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Cancer

Chili

13 years ago

2199  0
Posted on Nov 29, 2006, 1 p.m. By Bill Freeman

Capsaicin, the component that gives jalapeno peppers their heat, may also kill prostate cancer cells, a new study suggests. Initial experiments in cancer cells and mice show that capsaicin causes prostate cancer cells to undergo a kind of suicide. Researchers speculate that, in the future, pills containing capsaicin might be used as therapy to prevent prostate cancer

Capsaicin, the component that gives jalapeno peppers their heat, may also kill prostate cancer cells, a new study suggests.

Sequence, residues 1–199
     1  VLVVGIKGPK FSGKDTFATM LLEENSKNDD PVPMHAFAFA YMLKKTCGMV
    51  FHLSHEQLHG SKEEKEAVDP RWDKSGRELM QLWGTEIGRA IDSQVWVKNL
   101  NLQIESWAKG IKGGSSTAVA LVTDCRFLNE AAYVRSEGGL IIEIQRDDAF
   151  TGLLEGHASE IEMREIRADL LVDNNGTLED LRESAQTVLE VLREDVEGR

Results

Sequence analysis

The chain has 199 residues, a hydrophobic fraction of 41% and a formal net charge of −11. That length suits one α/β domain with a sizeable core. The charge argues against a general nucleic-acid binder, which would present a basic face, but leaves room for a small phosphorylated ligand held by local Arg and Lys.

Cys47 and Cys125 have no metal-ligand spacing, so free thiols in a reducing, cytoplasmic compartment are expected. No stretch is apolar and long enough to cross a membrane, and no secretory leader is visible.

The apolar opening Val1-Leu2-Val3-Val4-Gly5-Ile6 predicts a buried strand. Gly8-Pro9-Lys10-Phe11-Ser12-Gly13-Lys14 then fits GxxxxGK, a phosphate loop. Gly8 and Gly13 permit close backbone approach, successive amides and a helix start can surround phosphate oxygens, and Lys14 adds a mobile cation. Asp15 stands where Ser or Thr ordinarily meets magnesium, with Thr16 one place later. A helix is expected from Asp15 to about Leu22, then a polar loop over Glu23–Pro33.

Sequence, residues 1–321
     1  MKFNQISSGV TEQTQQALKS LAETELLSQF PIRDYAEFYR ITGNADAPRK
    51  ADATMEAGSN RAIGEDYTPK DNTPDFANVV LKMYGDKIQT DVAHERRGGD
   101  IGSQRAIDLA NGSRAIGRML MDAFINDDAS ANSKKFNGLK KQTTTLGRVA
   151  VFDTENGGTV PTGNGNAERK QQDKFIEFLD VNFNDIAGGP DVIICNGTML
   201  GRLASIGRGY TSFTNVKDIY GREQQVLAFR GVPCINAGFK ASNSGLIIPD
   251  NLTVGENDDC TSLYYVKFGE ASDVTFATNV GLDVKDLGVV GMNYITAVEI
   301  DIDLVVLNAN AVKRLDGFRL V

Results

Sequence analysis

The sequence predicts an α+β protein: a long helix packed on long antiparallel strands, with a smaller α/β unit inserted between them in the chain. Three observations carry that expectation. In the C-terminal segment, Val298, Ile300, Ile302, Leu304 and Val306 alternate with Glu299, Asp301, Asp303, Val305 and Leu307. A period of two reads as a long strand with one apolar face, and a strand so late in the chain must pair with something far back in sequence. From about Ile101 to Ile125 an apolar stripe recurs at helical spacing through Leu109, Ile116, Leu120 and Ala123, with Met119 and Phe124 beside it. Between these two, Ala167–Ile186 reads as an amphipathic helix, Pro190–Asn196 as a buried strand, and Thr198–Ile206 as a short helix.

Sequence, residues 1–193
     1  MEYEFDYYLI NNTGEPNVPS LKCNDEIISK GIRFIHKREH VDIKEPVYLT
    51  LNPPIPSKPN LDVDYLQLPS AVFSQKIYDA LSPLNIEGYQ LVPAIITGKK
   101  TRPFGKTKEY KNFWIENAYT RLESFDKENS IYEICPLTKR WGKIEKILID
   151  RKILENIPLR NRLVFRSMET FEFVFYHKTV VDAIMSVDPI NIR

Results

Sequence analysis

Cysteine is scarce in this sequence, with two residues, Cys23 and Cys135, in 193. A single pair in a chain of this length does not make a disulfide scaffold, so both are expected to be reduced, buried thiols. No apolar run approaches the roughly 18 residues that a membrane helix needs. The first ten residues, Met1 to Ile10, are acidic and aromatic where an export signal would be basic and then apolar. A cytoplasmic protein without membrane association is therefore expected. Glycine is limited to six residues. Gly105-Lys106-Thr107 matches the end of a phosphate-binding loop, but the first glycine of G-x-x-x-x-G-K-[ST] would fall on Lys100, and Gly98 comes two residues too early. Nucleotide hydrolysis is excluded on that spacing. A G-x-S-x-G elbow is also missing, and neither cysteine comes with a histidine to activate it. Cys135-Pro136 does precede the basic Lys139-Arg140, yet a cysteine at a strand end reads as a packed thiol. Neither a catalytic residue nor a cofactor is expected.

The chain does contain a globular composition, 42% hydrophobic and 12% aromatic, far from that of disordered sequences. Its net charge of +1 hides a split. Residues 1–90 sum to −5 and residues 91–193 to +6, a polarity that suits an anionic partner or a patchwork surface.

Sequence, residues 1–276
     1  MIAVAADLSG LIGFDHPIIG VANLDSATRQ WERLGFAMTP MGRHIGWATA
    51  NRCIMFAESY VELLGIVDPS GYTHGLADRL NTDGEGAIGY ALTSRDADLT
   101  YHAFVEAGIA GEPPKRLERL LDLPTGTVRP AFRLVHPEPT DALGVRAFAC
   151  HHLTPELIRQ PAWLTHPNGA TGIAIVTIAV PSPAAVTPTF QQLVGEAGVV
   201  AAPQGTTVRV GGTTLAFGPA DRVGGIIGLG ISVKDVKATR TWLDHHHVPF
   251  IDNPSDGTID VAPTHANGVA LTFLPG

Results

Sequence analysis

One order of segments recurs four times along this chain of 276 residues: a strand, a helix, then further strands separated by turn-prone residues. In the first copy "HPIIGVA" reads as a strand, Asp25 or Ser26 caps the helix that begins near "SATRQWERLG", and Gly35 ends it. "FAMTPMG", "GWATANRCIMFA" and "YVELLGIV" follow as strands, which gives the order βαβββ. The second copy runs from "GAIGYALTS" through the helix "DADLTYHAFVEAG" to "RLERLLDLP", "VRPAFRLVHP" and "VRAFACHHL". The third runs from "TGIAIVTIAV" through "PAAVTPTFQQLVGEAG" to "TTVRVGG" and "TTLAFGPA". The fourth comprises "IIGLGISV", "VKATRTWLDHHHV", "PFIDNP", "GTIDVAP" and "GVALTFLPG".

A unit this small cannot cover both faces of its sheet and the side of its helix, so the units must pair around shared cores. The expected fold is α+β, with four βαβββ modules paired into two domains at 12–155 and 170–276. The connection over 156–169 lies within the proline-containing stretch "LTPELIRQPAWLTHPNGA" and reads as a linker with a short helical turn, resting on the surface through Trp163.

Initial experiments in cancer cells and mice show that capsaicin causes prostate cancer cells to undergo a kind of suicide. Researchers speculate that, in the future, pills containing capsaicin might be used as therapy to prevent prostate cancer’s return.

According to their report, capsaicin caused almost 80 percent of prostate cancer cells in the mice to die. In addition, prostate cancer tumors treated with capsaicin were about one-fifth the size of tumors in untreated mice.

“Capsaicin inhibits the growth of human prostate cancer cell in Petri dishes and mice,” said lead researcher Dr. H. Phillip Koeffler, director of hematology and oncology at Cedars-Sinai Medical Center and a professor of medicine at the University of California, Los Angeles. Based on the findings, Koeffler believe the next step is a trial to see if it works in patients with prostate cancer.

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